Southern China, divided into several independent dynastic kingdoms, was more stable than the North which saw constant regime change. The Southern kingdoms were able to embark on trade, land reclamation and infrastructure projects, laying the groundwork for the Song dynasty economic boom; this economic shift to the south led to a vast southward migration. Several Northern dynasties originated in the northeast, centralisation of the north led to a migration of provincial elites into the capital northeasterners, creating a new metropolitan culture. North China Zhu Wen at Bianzhou, precursor to Later Liang Li Keyong and Li Cunxu at Taiyuan, precursor to Later Tang Liu Rengong and Liu Shouguang at Youzhou, precursor to Yan Li Maozhen at Fengxiang, precursor to Qi Luo Shaowei at Weibo Wang Rong at Zhenzhou Wang Chuzhi at Dingzhou South China Yang Xingmi at Yangzhou, precursor to Wu Qian Liu at Hangzhou, precursor to Wuyue Ma Yin at Tanzhou (modern Changsha, Hun
Falangism was the political ideology of the Falange Española de las JONS and afterwards, of the Falange Española Tradicionalista y de las Juntas de Ofensiva Nacional Sindicalista as well as derivatives of it in other countries. Under the leadership of Francisco Franco, it became an authoritarian, conservative ideology connected with Francoist Spain. Opponents to the 1937 Unification Decree enacted by Franco that fused the FE de las JONS into FET y de las JONS included former Falange leader Manuel Hedilla. Falangism places a strong emphasis on Catholic religious identity, though it has held some secular views on the Church's direct influence in society as it believed that the state should have the supreme authority over the nation. Falangism emphasized the need for total authority and order in society. Like fascism, Falangism is anti-democratic and anti-liberal; the Falange's original manifesto, the "Twenty-Seven Points", declared Falangism to support the unity of Spain and the elimination of regional separatism, the establishment of a dictatorship led by the Falange, utilizing violence to regenerate Spain, promoting the revival and development of the Spanish Empire, all attributes that it had in common with fascism.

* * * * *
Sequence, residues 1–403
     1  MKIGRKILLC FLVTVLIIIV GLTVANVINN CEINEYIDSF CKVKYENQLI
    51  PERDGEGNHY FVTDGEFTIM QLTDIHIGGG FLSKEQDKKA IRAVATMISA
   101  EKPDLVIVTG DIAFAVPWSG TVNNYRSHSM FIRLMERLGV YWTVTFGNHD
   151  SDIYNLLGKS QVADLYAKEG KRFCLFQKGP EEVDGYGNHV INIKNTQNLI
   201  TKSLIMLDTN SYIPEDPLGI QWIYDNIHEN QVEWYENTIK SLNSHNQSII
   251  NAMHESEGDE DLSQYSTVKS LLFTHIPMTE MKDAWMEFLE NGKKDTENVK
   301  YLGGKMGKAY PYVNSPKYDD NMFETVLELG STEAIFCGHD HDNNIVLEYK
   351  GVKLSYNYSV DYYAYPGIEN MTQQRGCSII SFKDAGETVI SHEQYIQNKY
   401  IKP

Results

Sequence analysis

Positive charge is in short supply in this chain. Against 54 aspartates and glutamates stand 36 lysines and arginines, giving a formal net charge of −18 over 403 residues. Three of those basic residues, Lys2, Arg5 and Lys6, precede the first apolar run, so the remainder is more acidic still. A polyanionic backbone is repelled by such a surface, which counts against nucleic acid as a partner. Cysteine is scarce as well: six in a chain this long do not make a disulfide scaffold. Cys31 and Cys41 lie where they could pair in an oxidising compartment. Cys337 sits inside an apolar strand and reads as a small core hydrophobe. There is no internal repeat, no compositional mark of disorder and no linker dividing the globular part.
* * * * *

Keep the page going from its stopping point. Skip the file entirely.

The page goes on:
The manifesto supported a social revolution to create a national syndicalist economy that creates national syndicates of both employees and employers to mutually organize and control the economic activity, agrarian reform, industrial expansion and respect for private property with the exception of nationalizing credit facilities to prevent capitalist usury. It supports criminalization of strikes by lockouts by employers as illegal acts. Falangism mirrors socialist policies in that it supports the state to have jurisdiction of setting wages; the Franco-era Falange supported the development of cooperatives such as the Mondragon Corporation because it bolstered the Francoist claim of the nonexistence of social classes in Spain during his rule. The Spanish Falange and its affiliates in Hispanic states across the world promoted a form of panhispanism known as hispanidad that advocated both cultural and economic union of Hispanic societies around the world. Falangism has attacked both the political left and the right as its "enemies", declaring itself to be neither left nor right, but a syncretic third position.
Scholarly sources reviewing Falangism place it on the far right. During the Spanish Civil War, the Falange and the Carlists prior to the two parties' unification in 1937 both promoted the incorporation of Portugal into Spain. Both prior to and after its merger with the Carlists, the Falange supported the unification of Gibraltar and Portugal into Spain. During its early years of existence, the Falange produced maps of Spain that included Portugal as a province of Spain; the Carlists stated that a Carlist Spain would retake Portugal. After the civil war, some radical members of the Falange called for a reunification with Portugal and annexation of former Spanish territories in the French Pyrenees. During World War II, Franco in a communiqué with Germany on 26 May 1942 declared that Portugal should be made a part of Spain; some of the Falangists in Spain had supported racialism and racialist policies, viewing races as both real and existing with differing strengths and accompanying cultures inextricably obtained with them.